C. Dallett Hemphill,
Professor of History & American Studies
Dallett Hemphill grew up in Philadelphia and received her bachelor’s degree from Princeton and her Ph.D. in American History from Brandeis University. She has been teaching American history, women’s history and family history at Ursinus since 1988. Dr. Hemphill is the author of Bowing to Necessities: A History of Manners in America, 1820-1860 (Oxford University Press, 1999), and the recently published Siblings: Brothers and Sisters in American History (Oxford UP, July 2011). Dr. Hemphill is currently the editor of the journal Early American Studies. She has received research fellowships from the National Endowment for the Humanities and the American Council of Learned Societies. Dr. Hemphill has published numerous articles and reviews and has run seminars for educators, including National Endowment for the Humanities seminars on using Philadelphia to teach American history. She has presented her work at many professional conferences in the U.S. and the U.K. and was a Commonwealth Speaker on Early American family life for the Pennsylvania Humanities Council. She lives just outside Philadelphia with her husband and two sons.
Siblings: Brothers and Sisters in American History (New York: Oxford University Press, 2011).
Bowing to Necessities: A History of Manners in America,1620-1860 (New York: Oxford University Press, 1999); paperback, Spring 2002.
“Siblings for Keeps in Early America,” Early American Studies, January 2011.
“Sibling Relations in Early American Childhoods: A Cross-Cultural Analysis,” in James Marten, ed. Childhood in Colonial America (New York: New York University Press, 2006.
“Whose City? Whose History? Three Class Histories of Philadelphia,” extended review essay for The Journal of Urban History, November 2006.
“Manners and Class in the Revolutionary Era: A Transatlantic Comparison,” The William and Mary Quarterly, April 2006.
“Isaac and ‘Isabella:’ Courtship and Conflict in an Antebellum Circle of Youth,” Early American Studies, (October 2004).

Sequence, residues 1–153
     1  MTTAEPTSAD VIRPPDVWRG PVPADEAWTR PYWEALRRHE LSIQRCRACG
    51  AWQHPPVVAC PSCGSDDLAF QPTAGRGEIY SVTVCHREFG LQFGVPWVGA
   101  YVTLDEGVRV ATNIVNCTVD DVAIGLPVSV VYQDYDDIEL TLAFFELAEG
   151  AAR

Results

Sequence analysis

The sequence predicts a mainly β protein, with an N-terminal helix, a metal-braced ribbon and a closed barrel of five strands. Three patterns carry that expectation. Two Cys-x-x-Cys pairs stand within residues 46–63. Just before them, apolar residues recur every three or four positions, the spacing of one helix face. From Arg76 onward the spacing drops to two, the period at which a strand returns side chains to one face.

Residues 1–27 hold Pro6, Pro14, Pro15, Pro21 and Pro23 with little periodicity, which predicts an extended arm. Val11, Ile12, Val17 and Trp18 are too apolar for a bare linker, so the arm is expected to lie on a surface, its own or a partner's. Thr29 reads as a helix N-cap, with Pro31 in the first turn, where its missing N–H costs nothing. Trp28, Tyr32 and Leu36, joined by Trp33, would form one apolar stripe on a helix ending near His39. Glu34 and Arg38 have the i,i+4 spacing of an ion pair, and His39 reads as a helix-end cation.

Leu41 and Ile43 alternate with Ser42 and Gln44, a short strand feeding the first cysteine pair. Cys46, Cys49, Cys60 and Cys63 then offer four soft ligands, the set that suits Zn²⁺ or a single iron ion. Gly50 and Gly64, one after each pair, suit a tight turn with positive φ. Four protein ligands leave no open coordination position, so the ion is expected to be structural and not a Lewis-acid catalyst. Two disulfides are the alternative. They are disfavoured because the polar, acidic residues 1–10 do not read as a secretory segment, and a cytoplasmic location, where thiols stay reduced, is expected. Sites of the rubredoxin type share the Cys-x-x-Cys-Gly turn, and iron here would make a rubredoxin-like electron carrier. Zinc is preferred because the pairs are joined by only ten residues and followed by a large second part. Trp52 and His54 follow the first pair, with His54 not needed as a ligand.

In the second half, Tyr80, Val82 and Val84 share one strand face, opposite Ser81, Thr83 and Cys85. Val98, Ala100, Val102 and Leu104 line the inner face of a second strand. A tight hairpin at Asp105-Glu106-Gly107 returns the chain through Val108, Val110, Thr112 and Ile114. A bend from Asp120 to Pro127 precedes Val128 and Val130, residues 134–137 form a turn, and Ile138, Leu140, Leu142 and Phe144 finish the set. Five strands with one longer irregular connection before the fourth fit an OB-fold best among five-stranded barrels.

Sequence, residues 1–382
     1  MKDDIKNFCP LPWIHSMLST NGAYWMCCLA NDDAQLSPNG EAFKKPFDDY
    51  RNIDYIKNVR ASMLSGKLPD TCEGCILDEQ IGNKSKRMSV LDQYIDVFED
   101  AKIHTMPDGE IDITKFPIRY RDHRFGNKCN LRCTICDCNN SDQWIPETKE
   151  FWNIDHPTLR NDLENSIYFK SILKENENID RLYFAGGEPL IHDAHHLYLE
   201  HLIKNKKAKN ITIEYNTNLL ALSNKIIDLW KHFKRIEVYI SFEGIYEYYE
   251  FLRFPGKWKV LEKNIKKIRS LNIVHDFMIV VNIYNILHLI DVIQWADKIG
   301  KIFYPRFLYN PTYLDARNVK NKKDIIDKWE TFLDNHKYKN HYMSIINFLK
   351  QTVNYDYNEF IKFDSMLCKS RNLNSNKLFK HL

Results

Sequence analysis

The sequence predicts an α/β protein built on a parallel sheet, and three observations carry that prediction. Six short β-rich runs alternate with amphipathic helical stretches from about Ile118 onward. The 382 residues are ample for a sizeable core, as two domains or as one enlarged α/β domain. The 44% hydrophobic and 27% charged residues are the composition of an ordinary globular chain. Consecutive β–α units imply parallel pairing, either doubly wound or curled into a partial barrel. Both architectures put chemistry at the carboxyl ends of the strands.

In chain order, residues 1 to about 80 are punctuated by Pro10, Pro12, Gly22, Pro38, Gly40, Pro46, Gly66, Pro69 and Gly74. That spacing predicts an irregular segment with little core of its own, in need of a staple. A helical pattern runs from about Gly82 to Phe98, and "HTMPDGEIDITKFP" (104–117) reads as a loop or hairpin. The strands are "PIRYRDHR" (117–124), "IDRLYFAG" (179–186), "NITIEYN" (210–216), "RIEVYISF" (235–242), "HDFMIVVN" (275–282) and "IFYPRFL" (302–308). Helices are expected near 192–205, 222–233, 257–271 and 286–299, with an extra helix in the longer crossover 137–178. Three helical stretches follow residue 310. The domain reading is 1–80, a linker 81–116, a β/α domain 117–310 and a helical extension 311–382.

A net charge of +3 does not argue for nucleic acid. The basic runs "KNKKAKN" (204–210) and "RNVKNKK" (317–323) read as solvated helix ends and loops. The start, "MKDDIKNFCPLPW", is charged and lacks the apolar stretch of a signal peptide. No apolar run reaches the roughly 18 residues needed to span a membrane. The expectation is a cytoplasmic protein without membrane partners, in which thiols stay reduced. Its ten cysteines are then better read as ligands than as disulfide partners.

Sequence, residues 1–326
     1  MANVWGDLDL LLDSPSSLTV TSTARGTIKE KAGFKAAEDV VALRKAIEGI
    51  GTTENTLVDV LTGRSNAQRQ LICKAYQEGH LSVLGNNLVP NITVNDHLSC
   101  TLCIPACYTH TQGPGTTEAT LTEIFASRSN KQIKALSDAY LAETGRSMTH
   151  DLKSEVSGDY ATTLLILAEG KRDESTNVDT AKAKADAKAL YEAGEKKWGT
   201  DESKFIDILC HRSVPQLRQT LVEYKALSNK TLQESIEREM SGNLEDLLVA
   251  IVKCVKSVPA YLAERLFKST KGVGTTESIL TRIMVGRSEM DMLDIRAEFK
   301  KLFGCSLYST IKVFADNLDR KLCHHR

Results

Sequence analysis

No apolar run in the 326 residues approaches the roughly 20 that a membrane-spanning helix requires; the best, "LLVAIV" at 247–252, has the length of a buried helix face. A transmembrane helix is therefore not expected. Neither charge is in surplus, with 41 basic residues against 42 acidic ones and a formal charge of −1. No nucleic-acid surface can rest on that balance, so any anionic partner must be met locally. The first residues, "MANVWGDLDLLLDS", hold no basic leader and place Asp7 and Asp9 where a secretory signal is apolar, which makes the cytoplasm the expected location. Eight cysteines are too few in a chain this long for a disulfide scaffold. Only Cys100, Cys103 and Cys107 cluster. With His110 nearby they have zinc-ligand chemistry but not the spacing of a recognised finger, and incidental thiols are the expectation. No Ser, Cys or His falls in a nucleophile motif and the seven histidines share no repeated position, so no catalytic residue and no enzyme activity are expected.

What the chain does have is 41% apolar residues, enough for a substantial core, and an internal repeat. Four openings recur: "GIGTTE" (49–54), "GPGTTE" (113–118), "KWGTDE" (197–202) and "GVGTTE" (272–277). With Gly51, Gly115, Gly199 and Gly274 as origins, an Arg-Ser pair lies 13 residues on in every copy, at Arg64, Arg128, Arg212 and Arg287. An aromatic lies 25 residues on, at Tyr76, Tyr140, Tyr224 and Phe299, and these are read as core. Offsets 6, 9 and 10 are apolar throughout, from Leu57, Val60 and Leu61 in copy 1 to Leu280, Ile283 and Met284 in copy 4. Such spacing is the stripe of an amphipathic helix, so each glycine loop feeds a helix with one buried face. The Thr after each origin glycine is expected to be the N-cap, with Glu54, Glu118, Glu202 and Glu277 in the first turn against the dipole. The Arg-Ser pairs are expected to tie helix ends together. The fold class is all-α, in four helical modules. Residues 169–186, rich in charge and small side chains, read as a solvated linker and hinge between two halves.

"Class, Gender and the Regulation of Emotions in Revolutionary-Era Conduct Literature," in An Emotional History of America, ed. Peter Stearns and Jan Lewis (New York: New York University Press, 1998).
"Middle Class Rising in Revolutionary America: The Evidence From Manners," The Journal of Social History, Vol. 30, No. 2 (December 1996).
“Age Relations and the Social Order in Early New England: The Evidence From Manners," The Journal of Social History, Vol. 28, No. 2 (December 1994).
"Women in Court: Sex-Role Differentiation in Salem, Massachusetts, 1636-1683," The William and Mary Quarterly, Vol. 39, No. 1 (January 1982).
Essays on manners in The Encyclopedia of American Women’s History; The Encyclopedia of Children and Childhood (New York, 2004); The Encyclopedia of the United States in the Nineteenth Century (New York, 2003); The Oxford Companion to United States History (New York, 2001) and A Companion to American Thought, Richard Fox and James Kloppenberg, eds., (Cambridge, 1995).
Over thirty book reviews and review essays in The American Historical Review, The Journal of American History, Reviews in American History, The Journal of Social History, The Historical Journal, the Journal of the Early American Republic, The Historian, The New England Quarterly, The William and Mary Quarterly, The Pennsylvania Magazine of History and Biography; The Journal of Southern History; H-URBAN; H-ATLANTIC, among others.